There's something wrong with me. Most photographers like bright, sunshiny weather. They like the added dimension that deep black shadows lend their photographs. They "ooh" and "ahh" over the fading rays of an orange-red sun at dusk.
That's all very nice, to be sure. But I go absolutely nuts over a cold, early-morning mist hanging thickly over a patch of wildflowers. or pea-soup fog crowding the lakefront. Or even out-and-out rain. Is there hope for me, doctor?
Actually, if a poll were taken, I'll bet plenty of you reading this would confess a similar affinity for foul weather. Sunshine is great for picnics, sun bathing, and watching a baseball game. But there's an exotic, mysterious feel to a photograph taken in less-than-ideal weather.
Imagine a small stand of speckled toadstools nestled up against the trunk of an aged, weathered tree. What kind of light is called for? Of course! Soft, diffused light with a hint of mist in the air. Full sunshine would provide more contrast, producing a sharper image on film. But it would also destroy the mood of the shot.
There's another reason for taking foul-weather photographs: Nobody else does. Or so it seems. Think of the great number of kids' shots you've seen in magazines, newspapers, and in galleries. Now think of the percentage of kids' shots you've seen with the children out playing in the rain. It's pretty small, I'll bet.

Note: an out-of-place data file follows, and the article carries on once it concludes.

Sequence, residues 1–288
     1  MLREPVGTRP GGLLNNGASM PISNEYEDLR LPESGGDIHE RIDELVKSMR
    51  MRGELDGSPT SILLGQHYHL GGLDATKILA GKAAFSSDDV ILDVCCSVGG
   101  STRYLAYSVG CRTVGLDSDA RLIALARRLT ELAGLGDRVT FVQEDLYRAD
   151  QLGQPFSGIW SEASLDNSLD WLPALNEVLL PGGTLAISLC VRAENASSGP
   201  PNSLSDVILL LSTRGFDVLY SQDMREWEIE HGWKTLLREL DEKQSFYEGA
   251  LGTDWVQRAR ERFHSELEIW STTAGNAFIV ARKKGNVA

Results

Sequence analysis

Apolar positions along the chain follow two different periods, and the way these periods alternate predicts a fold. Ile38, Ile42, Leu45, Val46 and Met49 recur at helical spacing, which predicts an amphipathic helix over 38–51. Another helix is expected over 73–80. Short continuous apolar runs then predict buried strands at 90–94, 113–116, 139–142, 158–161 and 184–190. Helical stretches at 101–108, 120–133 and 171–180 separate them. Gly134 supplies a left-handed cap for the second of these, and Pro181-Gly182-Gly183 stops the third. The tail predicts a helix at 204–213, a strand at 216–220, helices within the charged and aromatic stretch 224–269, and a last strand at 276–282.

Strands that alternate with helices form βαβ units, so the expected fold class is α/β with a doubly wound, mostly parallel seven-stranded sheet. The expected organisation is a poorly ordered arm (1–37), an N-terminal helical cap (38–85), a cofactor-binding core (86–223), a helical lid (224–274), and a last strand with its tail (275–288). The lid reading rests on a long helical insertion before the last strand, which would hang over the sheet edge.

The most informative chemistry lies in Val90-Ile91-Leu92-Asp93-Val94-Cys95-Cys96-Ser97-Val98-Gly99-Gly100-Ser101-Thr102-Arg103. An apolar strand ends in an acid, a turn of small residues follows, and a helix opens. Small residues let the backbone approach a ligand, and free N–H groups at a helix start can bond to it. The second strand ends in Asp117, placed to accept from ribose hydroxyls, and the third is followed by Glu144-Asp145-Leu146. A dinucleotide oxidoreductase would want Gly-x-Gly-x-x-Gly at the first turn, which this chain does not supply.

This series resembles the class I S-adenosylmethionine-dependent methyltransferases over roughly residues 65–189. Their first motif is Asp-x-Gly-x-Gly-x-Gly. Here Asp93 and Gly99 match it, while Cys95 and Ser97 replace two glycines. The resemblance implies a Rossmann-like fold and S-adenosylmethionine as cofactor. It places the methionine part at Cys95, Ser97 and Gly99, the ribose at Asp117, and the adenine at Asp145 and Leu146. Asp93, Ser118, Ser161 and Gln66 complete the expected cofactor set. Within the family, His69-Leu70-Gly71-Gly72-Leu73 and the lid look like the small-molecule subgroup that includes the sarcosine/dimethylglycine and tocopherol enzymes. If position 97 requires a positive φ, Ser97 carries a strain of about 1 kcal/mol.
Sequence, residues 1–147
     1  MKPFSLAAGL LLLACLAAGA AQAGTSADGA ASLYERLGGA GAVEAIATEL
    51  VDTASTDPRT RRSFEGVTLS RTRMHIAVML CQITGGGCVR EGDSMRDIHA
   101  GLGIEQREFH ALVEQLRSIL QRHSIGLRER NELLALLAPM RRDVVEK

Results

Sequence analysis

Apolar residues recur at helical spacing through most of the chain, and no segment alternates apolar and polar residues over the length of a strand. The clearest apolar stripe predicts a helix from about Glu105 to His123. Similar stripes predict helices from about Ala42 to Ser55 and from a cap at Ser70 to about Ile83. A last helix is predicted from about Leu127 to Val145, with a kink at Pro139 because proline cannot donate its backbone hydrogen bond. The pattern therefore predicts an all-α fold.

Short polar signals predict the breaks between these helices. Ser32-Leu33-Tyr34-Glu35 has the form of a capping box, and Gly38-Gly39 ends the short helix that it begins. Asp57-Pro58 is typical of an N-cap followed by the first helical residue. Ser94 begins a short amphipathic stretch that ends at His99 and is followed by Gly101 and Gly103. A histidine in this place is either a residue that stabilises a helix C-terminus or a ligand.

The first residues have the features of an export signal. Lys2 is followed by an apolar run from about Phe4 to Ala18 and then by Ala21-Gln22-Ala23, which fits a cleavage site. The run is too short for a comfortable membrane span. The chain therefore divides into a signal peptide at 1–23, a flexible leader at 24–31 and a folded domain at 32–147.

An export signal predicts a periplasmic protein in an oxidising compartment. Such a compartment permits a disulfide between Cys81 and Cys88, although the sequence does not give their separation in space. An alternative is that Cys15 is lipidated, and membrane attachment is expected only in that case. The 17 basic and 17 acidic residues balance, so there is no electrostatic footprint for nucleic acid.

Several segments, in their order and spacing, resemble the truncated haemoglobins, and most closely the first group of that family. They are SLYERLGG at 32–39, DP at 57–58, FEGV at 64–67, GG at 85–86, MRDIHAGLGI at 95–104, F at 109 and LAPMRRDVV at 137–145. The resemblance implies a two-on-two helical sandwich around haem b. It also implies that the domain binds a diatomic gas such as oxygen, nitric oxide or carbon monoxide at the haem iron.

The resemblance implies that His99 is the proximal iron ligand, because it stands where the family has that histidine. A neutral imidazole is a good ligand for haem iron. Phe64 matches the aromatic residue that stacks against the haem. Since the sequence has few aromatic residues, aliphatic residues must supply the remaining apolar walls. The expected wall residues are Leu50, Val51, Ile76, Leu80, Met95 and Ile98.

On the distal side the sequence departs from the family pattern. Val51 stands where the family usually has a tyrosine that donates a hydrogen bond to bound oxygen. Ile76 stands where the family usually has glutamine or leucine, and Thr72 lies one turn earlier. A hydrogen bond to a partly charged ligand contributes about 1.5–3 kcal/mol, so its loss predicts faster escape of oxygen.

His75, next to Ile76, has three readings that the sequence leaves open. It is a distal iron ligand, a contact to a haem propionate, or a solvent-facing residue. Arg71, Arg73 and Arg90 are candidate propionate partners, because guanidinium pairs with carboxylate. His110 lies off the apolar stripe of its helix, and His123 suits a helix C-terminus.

That's not because kids-in-rain shots aren't interesting. It's because photographers shooting kids-in-rain shots are abott as rare as spotted zebras. Nobody wants to get wet. And - to a greater degree - nobody wants to get that expensive piece of mechanical and electrical gadgetry known as a camera wet. So those fantastic foul-weather shots go largely unexplored.
You can greatly expand your photo-taking successes if you get your body out of the house on those misty-foggy-drippy days and take your camera along with you. Here are a few suggestions on how to get the best shots.
1 - Treat your camera with some degree of respect. While you shouldn't shoot it unprotected in a downpour, it can tolerate a light drizzle. Wipe it dry before storing it afterward.
2 - In heavy rain (or in a lighter mist over a long period of time), protect your camera by enclosing it in a large plastic bag and securing the bag's opening to the lens with a rubber band. Leave only the lens' front element exposed, and keep it clean by wiping from time to time with a special lens cloth or lens tissue. You can view and manipulate the controls through the plastic bag.
3 - Since available light is limited in foul weather, use the fastest film (film with highest ASA rating) possible.
4 - For the sharpest shots possible, mount the camera on a tripod and use a cable to release to trip the shutter.
5 - When changing film outdoors, be careful to keep water out of the film compartment. Do the [LINE ILLEGIBLE] the inside of the camera from rain. The same holds true when changing lenses.
6 - Be on the alert for unusual atmosphere conditions that might add excitement to your photographs. A barn under cloudy skies pocked with lightning or a ship sailing through a rainbow are just two possibilities.
7 - Except for special effects, don't stand too far from your subject on thick or rainy days. The farther you are from your subject, the "softer" the focus will be.